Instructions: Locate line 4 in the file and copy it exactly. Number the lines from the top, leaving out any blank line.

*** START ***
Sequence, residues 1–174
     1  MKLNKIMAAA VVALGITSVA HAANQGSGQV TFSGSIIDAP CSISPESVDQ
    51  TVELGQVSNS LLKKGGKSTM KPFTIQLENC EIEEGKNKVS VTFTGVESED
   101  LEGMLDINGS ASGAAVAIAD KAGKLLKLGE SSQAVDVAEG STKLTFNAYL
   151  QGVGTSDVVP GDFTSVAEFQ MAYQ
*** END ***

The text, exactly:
   101  LEGMLDINGS ASGAAVAIAD KAGKLLKLGE SSQAVDVAEG STKLTFNAYL